Honestly, the reason is because when people think about the high scale, they want to be able to tackle the entire world at once. And with that, if you think about starting a local company, you think, “Oh, well, I'm just pigeonholed into this one market. And that's it. The franchise world has already figured that out. Most franchises are individual locations, right. They kind of already know that. But if you don't need a physical storefront, it's kind of in-between, right. It's like most of franchising is the physical storefront, then you have e-commerce on the other end. And just because of technology right now, that's when you have something in the middle. So I think it's only very recently or something like this is possible. I think we eventually will see more of these concepts coming up being remote, truly remote local. Yeah, I think just the old school way of thinking is, “Hey, you want to scale you have to target the whole world with e-commerce drop shipping microblogging, something like that. Or if you want to go local, you need a storefront.” So it's kind of a recent thing, in my opinion, and that's why,


David: Yeah, absolutely. And maybe another force that's becoming more and more active here. So I think I'm already seeing this wave of more people like you and I, who are younger driven entrepreneurs. Younger compare to, you know, the average service business owner who's 55 or something. So yeah, I'm seeing a lot more people actually, from a sometimes tech finance background, besides to consciously go in the remote local or service company. Because they see the value, they see that with the experience that you have from maybe running an e-commerce company or being a consultant or a strategy consultant. When you take that locally, and you're just focusing on one city, one part of the city, you will be able to be the number one, hands down. And that's pretty much saying, “Hey, your chances of success with this business are going to be really, really high versus if you just start a tech company or a startup where your chances are really, really low.”


Neel: Yeah, it's almost like why reinvent the wheel? I suppose it depends on your end goal. If you want to come up with a brand new idea that's novel and take it out to market and do everything. You could obviously do that, right. You could go with the tech San Francisco VC route. But if the path to success is already shown to you, why not copy that? Right? And that's a lot of what local companies, you don't honestly need that much geography in order to make a lot of money. You know that exactly. You're only in Denver and you can make a lot of money there because there's just a lot of business to be had. You don't have to go to like 10, 15, 20 locations, you can make a lot of money in one small area. Yeah, I think I completely agree where there's enough to be had and if the path to success is already made for you, what's the point of reinventing the wheel?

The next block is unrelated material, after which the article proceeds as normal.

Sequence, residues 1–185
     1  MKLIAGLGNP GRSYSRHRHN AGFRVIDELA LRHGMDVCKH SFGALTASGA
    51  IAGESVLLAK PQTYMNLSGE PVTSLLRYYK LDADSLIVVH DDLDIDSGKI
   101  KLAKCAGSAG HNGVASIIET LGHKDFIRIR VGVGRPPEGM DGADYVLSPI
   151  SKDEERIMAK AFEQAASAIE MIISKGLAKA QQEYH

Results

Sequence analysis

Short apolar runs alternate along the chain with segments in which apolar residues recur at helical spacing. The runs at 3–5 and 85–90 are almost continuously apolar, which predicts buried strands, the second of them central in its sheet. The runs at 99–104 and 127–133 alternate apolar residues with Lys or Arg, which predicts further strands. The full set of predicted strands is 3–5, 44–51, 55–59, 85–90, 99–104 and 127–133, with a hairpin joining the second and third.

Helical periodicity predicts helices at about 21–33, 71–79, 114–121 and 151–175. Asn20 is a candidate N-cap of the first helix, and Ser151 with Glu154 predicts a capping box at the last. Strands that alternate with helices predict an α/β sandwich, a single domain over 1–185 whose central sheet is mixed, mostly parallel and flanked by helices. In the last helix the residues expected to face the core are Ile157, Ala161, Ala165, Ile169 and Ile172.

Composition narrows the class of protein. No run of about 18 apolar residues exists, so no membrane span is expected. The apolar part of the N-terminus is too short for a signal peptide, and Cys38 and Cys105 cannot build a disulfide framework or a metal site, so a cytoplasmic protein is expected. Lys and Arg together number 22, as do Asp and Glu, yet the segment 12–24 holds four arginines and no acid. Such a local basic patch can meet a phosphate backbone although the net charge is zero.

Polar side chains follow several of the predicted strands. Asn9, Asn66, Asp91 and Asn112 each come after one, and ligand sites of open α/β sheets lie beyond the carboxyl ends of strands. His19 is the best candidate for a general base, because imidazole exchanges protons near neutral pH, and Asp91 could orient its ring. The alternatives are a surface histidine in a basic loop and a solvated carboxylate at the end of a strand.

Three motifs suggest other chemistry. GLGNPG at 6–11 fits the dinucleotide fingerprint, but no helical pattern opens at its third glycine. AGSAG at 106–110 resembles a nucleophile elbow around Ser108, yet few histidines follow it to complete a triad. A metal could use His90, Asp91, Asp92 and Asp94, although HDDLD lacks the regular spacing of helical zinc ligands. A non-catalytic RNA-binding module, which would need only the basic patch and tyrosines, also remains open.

David: Absolutely. And what's really great here as well, is that the limits to how big you want to grow, right and for me, personally, that's not such a big thing for me, similarly to you the freedom is much more important than the money part of the money is great, right? But it's freedom first, but even someone who's more money results-driven. Very similar to what you're doing now. There is the opportunity to franchise and with franchises, some franchises have thousands of locations, a lot of franchises have IPO in the stock. Right? So even the limit of how big you can grow a local service company is just in our heads.


Neel: Yeah, absolutely. Absolutely. which like I said, “Hey, don't tell these tech guys about it. Because I think it's a completely untapped market.”


David: Absolutely. Great. So yeah, Neel, love, love having you on. Thank you so much for sharing what you're doing and all these great insights. Anything else you'd like to add?


Neel: No, I think it's great. I mean, I especially if you have a home service business, I mean, the sky's the limit right now, I think it's such a Greenfield opportunity, especially if you bring some small New Age tactics, especially around marketing to this industry and really nail down your niche. sky's the limit. So I think it's a fantastic place to be.


David: Absolutely. And that's exactly why we're having this podcast. I want to be able to show more entrepreneurs like you to the world and show them this option exists, and hopefully, this will make their lives better, more abundant, and with a lot more freedom than they might otherwise have. So, Neel, thanks again for being on the podcast. where can our listeners find you?


Neel: Well, that yeah, I mean, if you want to contact me, just email me, Neel@maidthis.com. You gotta MaidThis franchise as well. You could contact us from there. And yeah, thanks for having me, David. It was fun. Hopefully we'll catch each other in Bangkok some time.


David: Absolutely. I would love that. Thank you. 


Neel: All right. Take care. 


David: Thanks for listening to the strategic freedom podcast with your hosts David Lahav. If you like our show and want to learn more, check out lahavmedia.com\podcast or leave us a review on iTunes. Join us every Thursday morning to listen to the next episode. See you then.

THE STRATEGIC FREEDOM PODCAST

In this episode, your host David Lahav shares why he started the Strategic Freedom Podcast. How to become an entrepreneur and get your freedom?

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Jennifer is the founder and owner of Clutter Trucker, a hoarding cleanout company based in Denver. She is a well-known expert and speaker on the topic of hoarding disorder

EPISODE 1 Jay quit his last job 8 years ago and has been a location independent. During that time he's started three eCommerce businesses, traveled to over 20 countries